How To Install Node.js and Create a Local Development Environment on Windows

Published on August 18, 2022
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By Tamal Chowdhury

Software Engineer

How To Install Node.js and Create a Local Development Environment on Windows
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Windows 10

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Node.js is a popular JavaScript runtime environment that helps you work with front-end JavaScript libraries such as React, Angular, and Vue. You can also build full-stack applications using Express and Nest frameworks. To build JavaScript applications, you will need a local Node environment.

In this tutorial, you will set up a local Node.js programming environment for your Windows computer.


You will need a desktop or laptop computer running Windows 10 with administrative access and an internet connection.

Step 1 — Installing Node.js Using Node Version Manager

Node Version Manager or NVM is the preferred method to install Node.js on your computer. NVM lets you maintain multiple versions of Node.js at once, which is helpful if you need to use specific Node versions for different projects. NVM has a Windows version that you will use to install Node.js in this step.

Visit the NVM-windows releases page to acquire the latest version. As of writing this tutorial, the latest NVM version is 1.1.9.

Scroll to the Assets section and click on nvm-setup.exe to download the setup file to your computer’s downloads folder:

Screencapture of the NVM Assets section with  in a red square
NVM Assets section

After the download finishes, go to your downloads location and double-click the nvm-setup.exe file to start the installation process.

The installation wizard will load and provide options to select, such as the destination folder for the tool:

Screencapture of the Select Destination Location in the NVM install wizard
NVM Installation — Select the Destination Location

Follow the installation prompts to install NVM on your computer.

Next, open the Terminal, Command Prompt, or PowerShell as Administrator on your computer.

Use this command to verify the NVM installation:

  1. nvm -v

You will see the following output with the NVM version number:

Running version 1.1.9. ...

You can view which Node versions are available for you to install with this command:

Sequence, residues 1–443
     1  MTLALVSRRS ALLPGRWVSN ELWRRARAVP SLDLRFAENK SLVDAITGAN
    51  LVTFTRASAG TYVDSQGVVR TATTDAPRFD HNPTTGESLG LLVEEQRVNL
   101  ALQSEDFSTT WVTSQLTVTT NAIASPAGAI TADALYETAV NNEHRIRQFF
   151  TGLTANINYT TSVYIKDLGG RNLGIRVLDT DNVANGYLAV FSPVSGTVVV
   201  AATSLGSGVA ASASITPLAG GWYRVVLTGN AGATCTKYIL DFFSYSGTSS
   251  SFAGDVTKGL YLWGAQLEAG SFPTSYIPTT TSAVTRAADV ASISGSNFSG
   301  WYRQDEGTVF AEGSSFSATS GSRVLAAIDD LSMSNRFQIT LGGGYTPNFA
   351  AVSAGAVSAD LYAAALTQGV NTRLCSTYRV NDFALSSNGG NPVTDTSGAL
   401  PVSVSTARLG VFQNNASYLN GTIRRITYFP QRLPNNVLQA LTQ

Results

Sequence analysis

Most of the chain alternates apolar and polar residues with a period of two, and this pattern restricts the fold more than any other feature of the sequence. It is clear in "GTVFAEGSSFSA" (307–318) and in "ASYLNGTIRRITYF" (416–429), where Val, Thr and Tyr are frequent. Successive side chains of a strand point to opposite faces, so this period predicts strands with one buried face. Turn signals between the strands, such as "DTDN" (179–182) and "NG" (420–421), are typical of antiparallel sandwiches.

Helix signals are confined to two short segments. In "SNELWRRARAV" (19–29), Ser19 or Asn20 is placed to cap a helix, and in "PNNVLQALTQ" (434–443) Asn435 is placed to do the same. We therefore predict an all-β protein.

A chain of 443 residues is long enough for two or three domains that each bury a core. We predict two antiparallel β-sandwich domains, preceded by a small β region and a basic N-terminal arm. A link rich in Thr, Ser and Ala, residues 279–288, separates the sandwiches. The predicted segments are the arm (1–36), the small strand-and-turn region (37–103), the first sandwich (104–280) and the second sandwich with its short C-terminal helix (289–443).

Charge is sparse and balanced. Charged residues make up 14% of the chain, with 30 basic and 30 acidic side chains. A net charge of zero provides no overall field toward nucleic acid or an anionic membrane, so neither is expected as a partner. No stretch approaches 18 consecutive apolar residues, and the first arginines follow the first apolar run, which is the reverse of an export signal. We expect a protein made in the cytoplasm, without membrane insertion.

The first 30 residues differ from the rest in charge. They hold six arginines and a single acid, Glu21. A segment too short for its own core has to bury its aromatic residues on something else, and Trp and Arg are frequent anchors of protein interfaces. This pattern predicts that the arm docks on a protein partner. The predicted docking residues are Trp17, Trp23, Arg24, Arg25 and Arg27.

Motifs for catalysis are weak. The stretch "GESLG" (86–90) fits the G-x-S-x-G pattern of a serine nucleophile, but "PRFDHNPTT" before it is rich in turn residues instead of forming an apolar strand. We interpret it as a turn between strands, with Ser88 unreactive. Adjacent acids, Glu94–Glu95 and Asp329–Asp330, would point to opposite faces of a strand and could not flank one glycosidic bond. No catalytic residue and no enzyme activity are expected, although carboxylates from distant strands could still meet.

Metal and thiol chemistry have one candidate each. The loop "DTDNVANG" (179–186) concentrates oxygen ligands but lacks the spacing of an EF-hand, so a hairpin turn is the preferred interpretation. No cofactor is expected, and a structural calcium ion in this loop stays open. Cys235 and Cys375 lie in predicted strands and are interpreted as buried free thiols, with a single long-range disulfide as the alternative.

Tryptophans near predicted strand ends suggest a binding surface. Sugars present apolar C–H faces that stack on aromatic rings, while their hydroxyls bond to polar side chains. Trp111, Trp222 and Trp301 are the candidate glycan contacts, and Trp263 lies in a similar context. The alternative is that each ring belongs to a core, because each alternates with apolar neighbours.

1. nvm list available

You will see a list of Node versions:

| CURRENT | LTS | OLD STABLE | OLD UNSTABLE | |--------------|--------------|--------------|--------------| | 18.7.0 | 16.16.0 | 0.12.18 | 0.11.16 | | 18.6.0 | 16.15.1 | 0.12.17 | 0.11.15 | | 18.5.0 | 16.15.0 | 0.12.16 | 0.11.14 | | 18.4.0 | 16.14.2 | 0.12.15 | 0.11.13 | | 18.3.0 | 16.14.1 | 0.12.14 | 0.11.12 | | 18.2.0 | 16.14.0 | 0.12.13 | 0.11.11 | | 18.1.0 | 16.13.2 | 0.12.12 | 0.11.10 | | 18.0.0 | 16.13.1 | 0.12.11 | 0.11.9 | | 17.9.1 | 16.13.0 | 0.12.10 | 0.11.8 | | 17.9.0 | 14.20.0 | 0.12.9 | 0.11.7 | | 17.8.0 | 14.19.3 | 0.12.8 | 0.11.6 | | 17.7.2 | 14.19.2 | 0.12.7 | 0.11.5 | | 17.7.1 | 14.19.1 | 0.12.6 | 0.11.4 | | 17.7.0 | 14.19.0 | 0.12.5 | 0.11.3 | | 17.6.0 | 14.18.3 | 0.12.4 | 0.11.2 | | 17.5.0 | 14.18.2 | 0.12.3 | 0.11.1 | | 17.4.0 | 14.18.1 | 0.12.2 | 0.11.0 | | 17.3.1 | 14.18.0 | 0.12.1 | 0.9.12 | | 17.3.0 | 14.17.6 | 0.12.0 | 0.9.11 | | 17.2.0 | 14.17.5 | 0.10.48 | 0.9.10 |

Node has two major versions: Current and LTS for long-term support. For development purposes, it’s recommended to install the LTS version. You can also read more about which Node version to use.

You will then install the latest LTS version from this list with the following command:

  1. nvm install 16.16.0

Node.js version 16.16.0 will be installed on your computer:

Downloading node.js version 16.16.0 (64-bit)... Extracting... Complete Installation complete. If you want to use this version, type nvm use 16.16.0

Review the Node versions installed on your computer: